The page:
Carver started Gutierrez for the first time against Sunderland on the 5 April 2015, with 8 games remaining, where he completed the full 90 minutes. In an unfamiliar defensive role, he seemed to do well – The Independent rated his performance as a 7 (joint-top of the Newcastle ratings in a poor performance) – stating that “on his first Newcastle start in 20 months, the Argentine showed impressive determination.”
However, somewhat confusingly, Gutierrez was then dropped to the bench for the game after, against Liverpool. Interestingly, after this, and before the Tottenham Hotspur game the week afterwards, it has been revealed that Carver and Gutierrez had a major bust-up on the training ground.
"Jonas was displaying a general lack of care to what he was supposed to be doing and this ended up in me having to ask him four times for his attention," said Carver at the tribunal. "Due to his attitude, I asked him to leave the pitch and he then approached me using foul and abusive language and throwing his top off. I sent him back to the changing rooms and as he was walking off he still continued abusing me."
After the Tottenham game, Gutierrez apologised, and he then was selected to start the remaining five games of the campaign. However, the player gave evidence to the tribunal to suggest that he thought that: “Due to their concerns about my cancer I consider that the club then ensured that I would not be selected to start in a sufficient number of matches to trigger the option.”
He added that “In late April 2015 I was told the club may consider offering me a new playing contract at the end of the season. However, I knew by this stage the club had taken steps to ensure the automatic option in the contract was not triggered. I found it difficult to believe.”
Carver also spoke at the tribunal about the decision to let Gutierrez leave at the end of the season, despite the fact that his assist and goal in a 2-0 victory on the final day of the season, against West Ham United, kept Newcastle United in the Premier League. Carver told the court that his “opinion was that Jonas should not be offered a new contract as there were better players available to take the club forward.”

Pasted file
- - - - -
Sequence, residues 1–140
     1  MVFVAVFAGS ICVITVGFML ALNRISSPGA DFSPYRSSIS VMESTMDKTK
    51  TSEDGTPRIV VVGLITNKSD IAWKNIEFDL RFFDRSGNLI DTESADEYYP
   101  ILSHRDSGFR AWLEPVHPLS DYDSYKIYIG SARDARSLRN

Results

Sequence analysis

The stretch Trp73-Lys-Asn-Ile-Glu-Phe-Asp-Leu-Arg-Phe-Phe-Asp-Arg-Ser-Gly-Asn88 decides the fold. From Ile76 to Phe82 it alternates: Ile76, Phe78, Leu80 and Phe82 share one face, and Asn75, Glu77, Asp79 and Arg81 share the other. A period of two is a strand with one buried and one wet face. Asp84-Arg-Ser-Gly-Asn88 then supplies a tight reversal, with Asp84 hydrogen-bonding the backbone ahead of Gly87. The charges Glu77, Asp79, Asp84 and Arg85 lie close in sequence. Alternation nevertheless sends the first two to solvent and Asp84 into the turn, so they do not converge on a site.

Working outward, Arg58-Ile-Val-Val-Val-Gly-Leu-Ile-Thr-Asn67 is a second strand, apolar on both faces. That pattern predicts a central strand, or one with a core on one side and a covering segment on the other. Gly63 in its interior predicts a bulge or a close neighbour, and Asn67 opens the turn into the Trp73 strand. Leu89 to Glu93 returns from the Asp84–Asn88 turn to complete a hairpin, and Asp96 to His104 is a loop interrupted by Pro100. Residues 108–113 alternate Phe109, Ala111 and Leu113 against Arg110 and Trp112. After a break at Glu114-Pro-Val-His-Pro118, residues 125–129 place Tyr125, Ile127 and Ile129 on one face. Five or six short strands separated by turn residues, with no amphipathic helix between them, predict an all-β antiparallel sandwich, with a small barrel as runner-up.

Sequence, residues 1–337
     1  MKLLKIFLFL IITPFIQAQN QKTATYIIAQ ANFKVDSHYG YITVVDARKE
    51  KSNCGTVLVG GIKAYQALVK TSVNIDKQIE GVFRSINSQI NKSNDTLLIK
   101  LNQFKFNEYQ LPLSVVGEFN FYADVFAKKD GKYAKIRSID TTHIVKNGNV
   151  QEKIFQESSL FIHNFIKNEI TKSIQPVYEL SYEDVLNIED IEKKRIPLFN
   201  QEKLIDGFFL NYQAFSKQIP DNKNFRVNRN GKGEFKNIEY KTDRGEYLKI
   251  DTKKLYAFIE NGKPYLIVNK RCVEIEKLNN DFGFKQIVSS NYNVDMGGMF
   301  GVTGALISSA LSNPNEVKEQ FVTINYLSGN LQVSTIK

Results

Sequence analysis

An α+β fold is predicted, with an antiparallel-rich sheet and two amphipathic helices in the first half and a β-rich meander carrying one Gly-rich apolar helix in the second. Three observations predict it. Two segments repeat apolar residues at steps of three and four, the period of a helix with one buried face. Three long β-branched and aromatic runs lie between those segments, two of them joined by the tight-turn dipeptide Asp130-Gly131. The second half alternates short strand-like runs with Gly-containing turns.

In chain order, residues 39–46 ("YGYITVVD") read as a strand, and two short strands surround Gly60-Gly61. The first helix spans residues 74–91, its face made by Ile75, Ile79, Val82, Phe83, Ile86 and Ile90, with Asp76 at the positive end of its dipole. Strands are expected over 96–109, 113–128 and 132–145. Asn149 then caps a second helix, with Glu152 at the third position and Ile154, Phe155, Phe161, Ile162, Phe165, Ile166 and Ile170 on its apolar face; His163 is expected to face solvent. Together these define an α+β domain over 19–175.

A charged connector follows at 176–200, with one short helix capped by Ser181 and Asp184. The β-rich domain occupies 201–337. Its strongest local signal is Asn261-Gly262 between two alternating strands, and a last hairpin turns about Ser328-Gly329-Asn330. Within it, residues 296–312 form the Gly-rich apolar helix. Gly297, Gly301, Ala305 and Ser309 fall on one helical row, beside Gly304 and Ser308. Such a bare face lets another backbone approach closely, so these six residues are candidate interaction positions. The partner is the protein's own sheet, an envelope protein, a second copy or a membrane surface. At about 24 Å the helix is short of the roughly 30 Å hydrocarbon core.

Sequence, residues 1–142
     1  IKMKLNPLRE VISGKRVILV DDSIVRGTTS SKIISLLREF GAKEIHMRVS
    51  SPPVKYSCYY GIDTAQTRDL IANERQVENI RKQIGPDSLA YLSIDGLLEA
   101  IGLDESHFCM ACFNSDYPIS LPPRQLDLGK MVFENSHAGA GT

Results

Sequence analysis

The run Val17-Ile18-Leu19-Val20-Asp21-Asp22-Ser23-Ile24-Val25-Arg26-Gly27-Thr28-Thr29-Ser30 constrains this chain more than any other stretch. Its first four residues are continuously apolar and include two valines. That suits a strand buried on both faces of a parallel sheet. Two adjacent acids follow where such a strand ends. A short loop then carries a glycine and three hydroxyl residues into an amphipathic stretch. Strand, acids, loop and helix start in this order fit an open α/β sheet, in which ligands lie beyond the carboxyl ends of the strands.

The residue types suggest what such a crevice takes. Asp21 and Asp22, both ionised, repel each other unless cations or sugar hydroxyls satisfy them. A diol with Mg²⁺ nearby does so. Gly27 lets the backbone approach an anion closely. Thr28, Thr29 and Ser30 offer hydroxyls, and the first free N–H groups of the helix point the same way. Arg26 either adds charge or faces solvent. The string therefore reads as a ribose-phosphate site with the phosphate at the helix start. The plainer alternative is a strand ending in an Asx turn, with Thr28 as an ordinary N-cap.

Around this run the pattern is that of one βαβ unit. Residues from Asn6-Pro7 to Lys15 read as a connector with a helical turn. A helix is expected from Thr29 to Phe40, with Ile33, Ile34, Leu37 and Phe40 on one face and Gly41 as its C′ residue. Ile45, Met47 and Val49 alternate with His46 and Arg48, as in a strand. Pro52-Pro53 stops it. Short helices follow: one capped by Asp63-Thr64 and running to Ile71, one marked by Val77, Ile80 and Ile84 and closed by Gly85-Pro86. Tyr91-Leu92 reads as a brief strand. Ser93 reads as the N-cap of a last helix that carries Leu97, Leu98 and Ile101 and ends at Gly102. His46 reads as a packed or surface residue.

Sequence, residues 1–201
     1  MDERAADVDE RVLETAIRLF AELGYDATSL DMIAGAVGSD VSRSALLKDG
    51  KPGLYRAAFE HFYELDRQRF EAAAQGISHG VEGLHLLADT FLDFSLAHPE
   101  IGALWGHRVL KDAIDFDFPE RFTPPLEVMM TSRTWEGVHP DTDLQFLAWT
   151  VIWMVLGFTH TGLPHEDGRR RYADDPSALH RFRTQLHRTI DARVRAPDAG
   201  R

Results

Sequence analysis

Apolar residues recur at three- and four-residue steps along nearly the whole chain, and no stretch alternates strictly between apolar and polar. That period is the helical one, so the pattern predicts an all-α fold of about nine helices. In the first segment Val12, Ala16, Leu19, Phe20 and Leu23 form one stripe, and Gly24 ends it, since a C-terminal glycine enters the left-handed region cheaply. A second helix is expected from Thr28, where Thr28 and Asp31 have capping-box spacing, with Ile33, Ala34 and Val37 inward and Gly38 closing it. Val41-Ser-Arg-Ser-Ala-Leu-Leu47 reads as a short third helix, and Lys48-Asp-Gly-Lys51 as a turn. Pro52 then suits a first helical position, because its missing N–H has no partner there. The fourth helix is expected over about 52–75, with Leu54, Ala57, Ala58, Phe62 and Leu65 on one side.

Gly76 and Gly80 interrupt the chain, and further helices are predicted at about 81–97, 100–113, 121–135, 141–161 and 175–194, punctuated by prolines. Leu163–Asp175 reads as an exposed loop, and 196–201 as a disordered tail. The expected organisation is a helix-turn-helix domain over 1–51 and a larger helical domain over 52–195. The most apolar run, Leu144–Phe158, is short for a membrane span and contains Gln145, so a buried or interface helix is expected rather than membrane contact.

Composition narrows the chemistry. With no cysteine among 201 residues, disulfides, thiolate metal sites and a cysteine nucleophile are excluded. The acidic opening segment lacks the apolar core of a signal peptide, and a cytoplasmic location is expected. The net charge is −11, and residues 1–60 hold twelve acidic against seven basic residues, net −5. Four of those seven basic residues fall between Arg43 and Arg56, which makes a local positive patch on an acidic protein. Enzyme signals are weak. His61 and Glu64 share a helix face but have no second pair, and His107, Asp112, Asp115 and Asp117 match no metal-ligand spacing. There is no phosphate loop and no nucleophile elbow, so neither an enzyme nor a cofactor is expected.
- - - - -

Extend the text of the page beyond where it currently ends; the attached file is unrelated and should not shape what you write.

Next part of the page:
He stated that he had tried to get hold of Gutierrez to break this news, but that he could not get through to him. It was only upon speaking to Ryan Taylor (a fellow player, also released by the club at the time), who happened to be with Gutierrez on a course, that Carver was able to speak to him and tell him he would not be given a new contract.
"While I would have preferred to give Jonas this message face to face, it was not possible in the circumstances as I had been asked by the club to deliver the news as soon as possible," Carver concluded. Gutierrez has since stated that being released over the phone made him feel that the club “did not care” about him.
In the most recent developments of the trial, Newcastle United’s lawyer, Sean Jones QC, has described the idea that the Club would have dropped a player so as not to trigger an extension, in the midst of a relegation battle, as ludicrous, because what was at stake was the Premier League future of the club.
“The cost of relegation to the club would have been at least £30m, with an ongoing impact of around £80m if they didn't bounce back,” Jones pointed out. “It would have been a blow to Newcastle as a city, for their fans, and would have resulted in the termination of contracts for several of his colleagues and other people. It would have been a huge hammer blow to their finances.”
Hitting back, Gutierrez’ barrister, Martin Budworth, claimed that Pardew and other witnesses for Newcastle, had given “knowingly untrue evidence” to the tribunal, and that they had done so in order to “tailor” their accounts to fit the club’s version of what happened.
“There's not a single piece of paper that hints of any activity in the summer of 2013, nobody was emailed,” Budworth said, in regards to the claim that Pardew had told Gutierrez he would not be needed in the summer of 2013, prior to diagnosis. “Even if the slate is clean, they do not have evidence. There are no documents.”
The tribunal will continue, with neither side appearing to have any desire to back down. There are many questions that need to be answered before any decision can be made, but foremost amongst them are these – if Pardew really didn’t think Gutierrez fitted into his first team plans then why did he start him in the first game of the 2013/14 season? And despite a good performance against Sunderland, why was Gutierrez dropped for the Liverpool game in April 2015?
Only time will tell if Newcastle United are indeed guilty of the things Gutierrez is accusing them of, but now that all the evidence has been given and the panel have retired to discuss it, all there is left to do is wait for the final score.
- 3D printing and the future of intellectual property
- A new era for the legal industry: how LegalDefence is making law more accessible
- AAL Commercial Awareness: British EU Emigrants lose supreme court ruling
- AAL Commercial Awareness: Image Rights, Jose Mourinho and Sponsorship
- AAL Commercial Awareness: Poppers, decriminalisation, and the legal highs ban